David Cameron's renegotiation of the terms of the UK's EU membership provides a number of new protections which will help the Bank of England deliver financial stability, governor Mark Carney has told MPs.
In a letter to the House of Commons Treasury Committee, Mr Carney welcomed assurances in the deal secured in Brussels last month recognising that the interests of non-euro states must be safeguarded as the single currency area integrates. That was an "important commitment", he said.
Provisions allowing central banks of non-euro countries to regulate in a different way from those within the Banking Union deliver "precisely the flexibility the Bank sought ... given its responsibilities to oversee the prudential aspects of the UK's very large and complex financial sector", added Mr Carney.
"Particularly welcome" was a recognition that responsibility for the implementation of regulations on financial institutions and markets and macro-prudential responsibilities will remain with the central banks of non-euro states, he said.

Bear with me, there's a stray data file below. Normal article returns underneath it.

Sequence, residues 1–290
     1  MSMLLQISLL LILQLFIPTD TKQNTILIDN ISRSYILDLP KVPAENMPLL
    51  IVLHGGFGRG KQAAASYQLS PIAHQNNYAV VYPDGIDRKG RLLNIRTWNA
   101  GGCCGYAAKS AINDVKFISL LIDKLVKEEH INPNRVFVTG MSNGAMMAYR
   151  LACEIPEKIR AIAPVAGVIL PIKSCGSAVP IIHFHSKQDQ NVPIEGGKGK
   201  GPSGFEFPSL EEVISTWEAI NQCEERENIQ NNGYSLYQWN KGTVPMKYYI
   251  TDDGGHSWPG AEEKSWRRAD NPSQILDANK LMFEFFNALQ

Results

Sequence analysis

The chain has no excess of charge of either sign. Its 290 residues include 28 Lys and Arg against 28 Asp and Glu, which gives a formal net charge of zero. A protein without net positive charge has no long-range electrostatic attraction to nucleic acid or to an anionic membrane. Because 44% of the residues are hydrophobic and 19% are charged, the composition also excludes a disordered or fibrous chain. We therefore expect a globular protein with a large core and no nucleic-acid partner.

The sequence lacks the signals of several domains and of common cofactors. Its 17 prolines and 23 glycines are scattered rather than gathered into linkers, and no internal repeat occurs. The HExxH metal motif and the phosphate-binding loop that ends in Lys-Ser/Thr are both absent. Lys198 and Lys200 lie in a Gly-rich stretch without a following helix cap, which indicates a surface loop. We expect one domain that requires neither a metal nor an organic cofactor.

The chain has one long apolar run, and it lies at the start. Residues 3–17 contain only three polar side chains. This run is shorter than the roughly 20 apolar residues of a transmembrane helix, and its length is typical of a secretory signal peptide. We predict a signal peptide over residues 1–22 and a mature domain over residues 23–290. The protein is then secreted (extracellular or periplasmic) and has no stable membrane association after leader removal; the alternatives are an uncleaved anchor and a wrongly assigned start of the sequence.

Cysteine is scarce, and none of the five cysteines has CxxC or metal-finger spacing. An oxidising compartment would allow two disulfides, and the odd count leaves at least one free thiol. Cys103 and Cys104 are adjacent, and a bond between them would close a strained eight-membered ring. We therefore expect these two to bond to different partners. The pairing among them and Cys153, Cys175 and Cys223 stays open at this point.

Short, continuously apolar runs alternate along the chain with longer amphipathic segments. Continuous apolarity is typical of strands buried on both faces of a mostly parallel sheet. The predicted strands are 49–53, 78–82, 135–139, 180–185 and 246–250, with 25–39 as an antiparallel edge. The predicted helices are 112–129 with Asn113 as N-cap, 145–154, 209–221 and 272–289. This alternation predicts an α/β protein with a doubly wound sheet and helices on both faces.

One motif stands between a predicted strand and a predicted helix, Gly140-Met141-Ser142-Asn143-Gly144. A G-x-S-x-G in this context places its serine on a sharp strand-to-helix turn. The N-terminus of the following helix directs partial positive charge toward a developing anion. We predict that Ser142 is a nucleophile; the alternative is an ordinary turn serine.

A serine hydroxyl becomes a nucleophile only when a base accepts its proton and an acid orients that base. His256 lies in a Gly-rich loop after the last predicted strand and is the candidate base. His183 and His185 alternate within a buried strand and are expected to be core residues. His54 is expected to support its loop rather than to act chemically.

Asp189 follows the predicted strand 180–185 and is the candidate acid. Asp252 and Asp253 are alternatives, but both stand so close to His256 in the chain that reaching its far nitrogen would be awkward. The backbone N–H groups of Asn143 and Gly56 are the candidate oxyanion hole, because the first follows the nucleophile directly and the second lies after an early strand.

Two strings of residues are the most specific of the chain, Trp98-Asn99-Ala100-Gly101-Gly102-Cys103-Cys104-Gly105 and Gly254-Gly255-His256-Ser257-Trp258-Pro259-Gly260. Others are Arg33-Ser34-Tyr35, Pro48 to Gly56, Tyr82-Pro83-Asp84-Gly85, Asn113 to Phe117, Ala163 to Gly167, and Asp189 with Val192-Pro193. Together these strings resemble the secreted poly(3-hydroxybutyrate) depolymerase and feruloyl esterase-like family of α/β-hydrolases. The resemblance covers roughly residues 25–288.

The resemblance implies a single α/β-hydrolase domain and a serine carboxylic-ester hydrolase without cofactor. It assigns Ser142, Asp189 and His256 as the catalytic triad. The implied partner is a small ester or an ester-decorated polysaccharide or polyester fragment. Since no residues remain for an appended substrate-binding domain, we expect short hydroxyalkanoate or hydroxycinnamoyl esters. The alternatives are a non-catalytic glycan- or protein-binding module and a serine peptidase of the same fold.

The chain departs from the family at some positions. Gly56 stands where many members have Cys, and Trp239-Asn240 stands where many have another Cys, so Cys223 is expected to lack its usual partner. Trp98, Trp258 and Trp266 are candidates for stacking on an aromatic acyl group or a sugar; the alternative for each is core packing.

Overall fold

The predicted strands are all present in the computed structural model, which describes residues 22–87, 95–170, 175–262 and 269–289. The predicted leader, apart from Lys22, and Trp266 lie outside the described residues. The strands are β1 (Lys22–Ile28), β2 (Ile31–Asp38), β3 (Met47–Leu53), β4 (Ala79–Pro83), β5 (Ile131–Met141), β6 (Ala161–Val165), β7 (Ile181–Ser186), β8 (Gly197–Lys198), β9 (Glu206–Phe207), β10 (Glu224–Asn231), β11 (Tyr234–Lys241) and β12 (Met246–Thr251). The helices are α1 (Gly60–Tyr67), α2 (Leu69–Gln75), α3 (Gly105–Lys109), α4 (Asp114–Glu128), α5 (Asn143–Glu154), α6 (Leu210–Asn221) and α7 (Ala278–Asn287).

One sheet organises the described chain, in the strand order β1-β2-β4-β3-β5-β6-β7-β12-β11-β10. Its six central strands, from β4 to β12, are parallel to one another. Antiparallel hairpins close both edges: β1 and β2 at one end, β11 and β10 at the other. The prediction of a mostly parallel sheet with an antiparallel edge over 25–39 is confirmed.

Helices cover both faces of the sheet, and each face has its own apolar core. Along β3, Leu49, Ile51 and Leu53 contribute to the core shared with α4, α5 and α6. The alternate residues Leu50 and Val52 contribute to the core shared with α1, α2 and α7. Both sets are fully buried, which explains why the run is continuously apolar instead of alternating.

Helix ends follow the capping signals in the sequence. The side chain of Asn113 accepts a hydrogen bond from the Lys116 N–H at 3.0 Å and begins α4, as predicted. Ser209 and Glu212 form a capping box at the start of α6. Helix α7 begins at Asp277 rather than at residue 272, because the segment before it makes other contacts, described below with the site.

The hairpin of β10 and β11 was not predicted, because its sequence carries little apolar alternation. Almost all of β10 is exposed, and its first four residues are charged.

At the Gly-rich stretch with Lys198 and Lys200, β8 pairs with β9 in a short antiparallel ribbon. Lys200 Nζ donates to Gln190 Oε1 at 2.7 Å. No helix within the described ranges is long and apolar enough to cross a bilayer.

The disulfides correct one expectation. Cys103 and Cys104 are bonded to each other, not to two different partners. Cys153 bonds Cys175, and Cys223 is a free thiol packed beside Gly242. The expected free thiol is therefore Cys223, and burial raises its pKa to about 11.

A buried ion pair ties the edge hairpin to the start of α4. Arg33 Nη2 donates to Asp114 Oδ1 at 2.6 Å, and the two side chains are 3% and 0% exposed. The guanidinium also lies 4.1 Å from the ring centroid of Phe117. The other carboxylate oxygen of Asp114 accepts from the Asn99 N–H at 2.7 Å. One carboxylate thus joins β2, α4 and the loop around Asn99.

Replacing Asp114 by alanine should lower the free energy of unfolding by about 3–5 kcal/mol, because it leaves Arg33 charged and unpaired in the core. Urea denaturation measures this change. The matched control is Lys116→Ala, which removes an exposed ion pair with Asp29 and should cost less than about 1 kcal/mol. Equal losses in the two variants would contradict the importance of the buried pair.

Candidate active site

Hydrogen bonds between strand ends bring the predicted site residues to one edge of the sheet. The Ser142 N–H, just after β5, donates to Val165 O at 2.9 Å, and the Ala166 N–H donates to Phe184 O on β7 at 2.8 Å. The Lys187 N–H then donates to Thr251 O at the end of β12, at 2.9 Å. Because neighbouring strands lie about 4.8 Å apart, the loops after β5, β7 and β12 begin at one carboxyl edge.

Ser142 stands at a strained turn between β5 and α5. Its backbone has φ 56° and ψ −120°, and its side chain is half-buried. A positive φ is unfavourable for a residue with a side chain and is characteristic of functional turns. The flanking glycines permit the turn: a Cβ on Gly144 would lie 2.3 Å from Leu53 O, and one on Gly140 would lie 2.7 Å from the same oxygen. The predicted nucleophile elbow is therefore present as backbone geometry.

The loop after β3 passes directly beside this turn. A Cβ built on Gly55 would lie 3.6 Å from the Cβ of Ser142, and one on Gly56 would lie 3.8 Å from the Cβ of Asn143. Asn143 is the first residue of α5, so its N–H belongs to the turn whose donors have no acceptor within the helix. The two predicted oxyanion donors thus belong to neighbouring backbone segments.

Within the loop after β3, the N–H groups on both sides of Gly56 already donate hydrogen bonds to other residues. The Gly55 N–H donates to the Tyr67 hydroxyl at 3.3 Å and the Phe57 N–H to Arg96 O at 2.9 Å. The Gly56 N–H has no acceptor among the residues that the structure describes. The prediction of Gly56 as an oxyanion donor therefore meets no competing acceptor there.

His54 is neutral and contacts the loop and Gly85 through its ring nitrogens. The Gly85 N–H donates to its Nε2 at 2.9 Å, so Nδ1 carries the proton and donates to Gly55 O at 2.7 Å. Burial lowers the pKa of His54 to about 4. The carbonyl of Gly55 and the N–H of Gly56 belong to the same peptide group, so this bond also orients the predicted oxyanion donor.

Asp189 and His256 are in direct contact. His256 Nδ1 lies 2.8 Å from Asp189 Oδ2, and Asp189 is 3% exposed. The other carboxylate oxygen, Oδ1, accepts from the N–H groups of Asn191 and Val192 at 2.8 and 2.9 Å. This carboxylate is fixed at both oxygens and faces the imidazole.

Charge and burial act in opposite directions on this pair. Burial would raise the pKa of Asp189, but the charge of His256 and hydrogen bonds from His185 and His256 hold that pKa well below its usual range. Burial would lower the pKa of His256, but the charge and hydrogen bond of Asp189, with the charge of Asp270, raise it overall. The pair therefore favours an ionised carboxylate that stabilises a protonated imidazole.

Mr Carney's letter was released as he was grilled by the Committee over the Bank's view on the upcoming referendum on EU membership.
The governor made clear in exchanges with MPs that he did not intend to voice the Bank's support for either side in the June 23 vote.
In the letter, Mr Carney said the Prime Minister's settlement "delivers a number of protections and additional tools that will help safeguard the Bank's ability to continue to achieve its statutory objectives".
It was "welcome" that the settlement reinforced the principle that discrimination on grounds of currency is not permitted in the EU, he said.
Assurances that non-euro states will not be required to fund bailouts of single currency states "on balance ... enhance the financial stability of the UK".
And commitments to improve EU competitiveness "to the extent that they are fulfilled ... would reinforce the positive impact of EU membership".